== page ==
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An examination of maternal contributors and potential modifiers of
fetal growth in pregnancy
Zachary M. Ferraro
Abstract: A greater understanding of critical periods of body weight regulation, including pregnancy, may aid in efforts to
optimize weight management strategies for the mother and her baby. The gestational period has been implicated to play, in the
child, a vital role in the developmental origins of obesity and other cardiometabolic diseases later in life. Therefore, we initially
examined existing literature on the role of maternal obesity and its link to pediatric obesity and documented the known
improve maternal–fetal outcomes. In a second paper, we aimed to quantify maternal predictors of large for gestational-age
neonates in the Ottawa and Kingston birth cohort with specific hypotheses verifying the independent contribution of maternal
prepregnancy body mass index (BMI) and excessive gestational weight gain (GWG) to fetal overgrowth. This paper also high-
lighted the clinical utility of the revised 2009 Institute of Medicine GWG guidelines and discussed the potential role of physio-
logical factors underlying the observed associations. As follow-ups to our population-level analysis, papers 3 and 4 highlighted
with attenuated expression of IGF binding protein-4 (IGFBP-4) in umbilical cord blood and discussed how this may preferentially
promote fetal adipogenesis. The effects of excessive GWG on IGF axis protein expression were addressed in paper 4, where we
showed that independent of prepregnancy BMI, excessive weight gain during pregnancy is associated with increased expression
of IGFBP-3 in maternal circulation in normoglycemic term pregnancies. In that paper we discussed the potential inhibitory role
of IGFBP-3 on adipogenesis and how it relates to glucose intolerance during pregnancy. Recognizing that both obesity and
excessive GWG can alter physiological processes in a mother and her baby, we concluded that appropriate evidence-based
interventions are warranted to best optimize outcomes. In paper 5, we discussed the results of a study that sought to assess
patient information channels and knowledge of nutrition and physical activity during pregnancy. The intent was that these
findings be applied to best-design efficacious strategies that cater to the needs of our target group of pregnant women. In our
analysis we showed that the majority of pregnant women studied would be willing to participate in a lifestyle intervention for
their own personal health and that of their child. Of great interest was the observation that most women were not informed of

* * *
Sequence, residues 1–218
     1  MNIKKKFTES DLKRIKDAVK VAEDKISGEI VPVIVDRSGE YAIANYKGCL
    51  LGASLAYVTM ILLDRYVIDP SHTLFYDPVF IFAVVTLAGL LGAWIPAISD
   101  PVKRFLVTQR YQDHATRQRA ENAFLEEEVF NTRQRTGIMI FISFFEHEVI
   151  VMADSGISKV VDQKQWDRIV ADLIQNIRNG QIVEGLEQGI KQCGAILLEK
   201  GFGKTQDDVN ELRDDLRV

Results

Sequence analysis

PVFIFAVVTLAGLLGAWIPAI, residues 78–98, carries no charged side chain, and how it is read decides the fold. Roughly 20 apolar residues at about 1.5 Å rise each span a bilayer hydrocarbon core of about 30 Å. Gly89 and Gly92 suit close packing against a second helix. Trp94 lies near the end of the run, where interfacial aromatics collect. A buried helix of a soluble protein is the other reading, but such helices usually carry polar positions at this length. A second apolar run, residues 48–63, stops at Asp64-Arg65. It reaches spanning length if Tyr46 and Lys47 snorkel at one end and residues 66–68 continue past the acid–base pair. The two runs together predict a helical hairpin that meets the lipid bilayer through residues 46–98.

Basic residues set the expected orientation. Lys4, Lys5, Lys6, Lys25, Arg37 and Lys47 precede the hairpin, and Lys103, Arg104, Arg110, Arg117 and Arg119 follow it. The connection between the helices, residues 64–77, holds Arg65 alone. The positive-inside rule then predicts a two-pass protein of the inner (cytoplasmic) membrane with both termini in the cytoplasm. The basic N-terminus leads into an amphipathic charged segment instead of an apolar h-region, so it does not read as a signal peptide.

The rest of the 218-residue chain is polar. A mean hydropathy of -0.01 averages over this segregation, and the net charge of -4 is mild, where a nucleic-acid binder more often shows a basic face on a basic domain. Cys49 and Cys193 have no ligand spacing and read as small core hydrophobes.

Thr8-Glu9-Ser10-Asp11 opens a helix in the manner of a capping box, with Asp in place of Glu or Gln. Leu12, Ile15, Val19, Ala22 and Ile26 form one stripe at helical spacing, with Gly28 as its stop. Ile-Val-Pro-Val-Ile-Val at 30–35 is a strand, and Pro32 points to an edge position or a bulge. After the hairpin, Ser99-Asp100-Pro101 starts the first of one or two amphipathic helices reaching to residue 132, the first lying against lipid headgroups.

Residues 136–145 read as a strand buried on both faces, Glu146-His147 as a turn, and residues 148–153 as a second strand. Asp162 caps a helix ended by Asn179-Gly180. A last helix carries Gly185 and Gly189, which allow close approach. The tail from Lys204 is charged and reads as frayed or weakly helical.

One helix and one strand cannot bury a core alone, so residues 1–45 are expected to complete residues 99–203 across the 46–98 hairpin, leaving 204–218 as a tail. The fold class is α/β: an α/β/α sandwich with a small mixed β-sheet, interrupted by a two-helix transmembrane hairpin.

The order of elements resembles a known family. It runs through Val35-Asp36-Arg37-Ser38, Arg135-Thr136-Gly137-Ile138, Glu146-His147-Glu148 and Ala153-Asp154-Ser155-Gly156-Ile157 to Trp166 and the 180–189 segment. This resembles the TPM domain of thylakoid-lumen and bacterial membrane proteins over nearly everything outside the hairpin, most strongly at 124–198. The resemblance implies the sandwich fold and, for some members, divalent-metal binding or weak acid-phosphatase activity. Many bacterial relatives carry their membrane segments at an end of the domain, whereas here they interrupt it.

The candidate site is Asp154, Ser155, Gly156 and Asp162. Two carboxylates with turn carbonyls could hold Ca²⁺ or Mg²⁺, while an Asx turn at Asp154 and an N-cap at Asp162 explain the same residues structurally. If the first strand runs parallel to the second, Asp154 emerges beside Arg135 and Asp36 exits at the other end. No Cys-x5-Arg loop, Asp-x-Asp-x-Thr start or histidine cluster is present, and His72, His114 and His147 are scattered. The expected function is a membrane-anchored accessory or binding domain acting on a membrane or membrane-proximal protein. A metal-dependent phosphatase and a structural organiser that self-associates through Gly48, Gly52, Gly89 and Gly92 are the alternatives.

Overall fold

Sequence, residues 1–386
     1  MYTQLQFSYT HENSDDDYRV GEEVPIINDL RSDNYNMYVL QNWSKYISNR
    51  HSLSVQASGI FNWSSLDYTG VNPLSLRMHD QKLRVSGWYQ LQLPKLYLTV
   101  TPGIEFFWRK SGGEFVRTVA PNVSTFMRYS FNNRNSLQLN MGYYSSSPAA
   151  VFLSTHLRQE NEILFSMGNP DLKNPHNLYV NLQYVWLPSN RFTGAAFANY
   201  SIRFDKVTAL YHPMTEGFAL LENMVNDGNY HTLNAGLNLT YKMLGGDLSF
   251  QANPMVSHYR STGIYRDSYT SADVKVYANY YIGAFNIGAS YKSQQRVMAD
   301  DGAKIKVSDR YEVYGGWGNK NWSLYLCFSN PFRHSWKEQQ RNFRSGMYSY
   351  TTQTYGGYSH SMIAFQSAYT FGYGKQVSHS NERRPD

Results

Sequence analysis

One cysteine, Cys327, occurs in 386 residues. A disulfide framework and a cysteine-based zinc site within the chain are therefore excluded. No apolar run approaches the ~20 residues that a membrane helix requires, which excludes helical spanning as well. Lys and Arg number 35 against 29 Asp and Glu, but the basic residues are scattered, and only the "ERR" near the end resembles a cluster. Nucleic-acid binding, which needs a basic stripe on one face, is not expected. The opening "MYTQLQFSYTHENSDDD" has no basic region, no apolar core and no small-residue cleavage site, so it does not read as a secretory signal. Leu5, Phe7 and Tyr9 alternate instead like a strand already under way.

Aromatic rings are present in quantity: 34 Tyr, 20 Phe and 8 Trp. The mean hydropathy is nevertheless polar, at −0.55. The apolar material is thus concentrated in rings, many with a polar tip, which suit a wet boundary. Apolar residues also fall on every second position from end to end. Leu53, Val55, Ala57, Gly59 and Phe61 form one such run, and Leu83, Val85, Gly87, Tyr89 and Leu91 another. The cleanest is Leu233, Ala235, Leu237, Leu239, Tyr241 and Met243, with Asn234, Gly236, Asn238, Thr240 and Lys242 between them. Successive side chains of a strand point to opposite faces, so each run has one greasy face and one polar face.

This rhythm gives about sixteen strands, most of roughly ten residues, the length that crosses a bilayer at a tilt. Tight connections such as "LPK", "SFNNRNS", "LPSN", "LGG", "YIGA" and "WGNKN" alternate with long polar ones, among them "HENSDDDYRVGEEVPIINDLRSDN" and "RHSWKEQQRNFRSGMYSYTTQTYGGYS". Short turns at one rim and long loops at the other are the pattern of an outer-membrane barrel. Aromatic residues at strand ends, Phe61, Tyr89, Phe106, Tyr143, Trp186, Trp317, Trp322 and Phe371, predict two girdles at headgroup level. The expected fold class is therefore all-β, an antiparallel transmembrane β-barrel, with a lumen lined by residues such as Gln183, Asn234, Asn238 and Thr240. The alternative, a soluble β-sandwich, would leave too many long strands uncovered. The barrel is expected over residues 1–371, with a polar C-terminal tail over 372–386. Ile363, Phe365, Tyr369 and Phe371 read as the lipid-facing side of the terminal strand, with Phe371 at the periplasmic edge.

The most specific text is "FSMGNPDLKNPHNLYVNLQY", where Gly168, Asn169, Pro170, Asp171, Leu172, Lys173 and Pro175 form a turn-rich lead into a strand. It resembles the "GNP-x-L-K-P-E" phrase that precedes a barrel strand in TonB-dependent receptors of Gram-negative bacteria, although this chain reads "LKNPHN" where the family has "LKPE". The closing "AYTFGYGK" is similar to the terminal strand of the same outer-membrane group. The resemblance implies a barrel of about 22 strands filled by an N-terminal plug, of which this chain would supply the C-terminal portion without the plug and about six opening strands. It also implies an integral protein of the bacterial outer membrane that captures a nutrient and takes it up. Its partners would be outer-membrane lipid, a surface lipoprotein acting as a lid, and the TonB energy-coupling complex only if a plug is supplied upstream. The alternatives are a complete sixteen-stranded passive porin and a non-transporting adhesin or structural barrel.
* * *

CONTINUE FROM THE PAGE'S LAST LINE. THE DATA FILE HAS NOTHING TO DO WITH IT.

the importance of pregnancy-specific energy intake, or made aware of their own healthy GWG targets. Additionally, many of the
respondents reported that they did not receive information that pertained to appropriate physical activity recommendations,
even though the vast majority of participants considered this lifestyle modality to be safe during their pregnancy. Finally, in
paper 6 we built on the results of our previous work and evaluated the risks and benefits of physical activity during pregnancy
on maternal–fetal outcomes through a review of the literature and noted that engaging in nonsedentary pursuits during
gestation may aid in maternal weight regulation, protect against metabolic disorders, and optimize neonatal birth weight and
body composition. Overall, the collective nature of the papers presented in this dissertation provides qualitative and quantita-
tive evidence to support not only the complexity of body weight regulation in the mother and her baby, but also highlights
potential avenues for intervention that may improve maternal–fetal outcomes during this critical period.
Received 5 November 2012. Accepted 9 November 2012.
Z.M. Ferraro.*,†HALO Research Group, Children's Hospital of Eastern Ontario Research Institute, 401 Smyth Road, Ottawa, ON K1H 8L1, Canada.
E-mail for correspondence: firstname.lastname@example.org.
Research Institute; Dr. Denis Prud'homme, MD, MSc (co-advisor), Full Professor, School of Human Kinetics, Faculty of Health Sciences, University of Ottawa.
†Dr. Ferraro is currently working as a part-time clinical research associate in the Adamo lab at the HALO research group. He is a Certified Exercise Physiologist (CSEP-CEP) and
factors and how these influence placenta nutrient transport and fetal growth.
Appl. Physiol. Nutr. Metab. 38: 360 (2013) dx.doi.org/10.1139/apnm-2012-0426
Published at www.nrcresearchpress.com/apnm on 19 November 2012.
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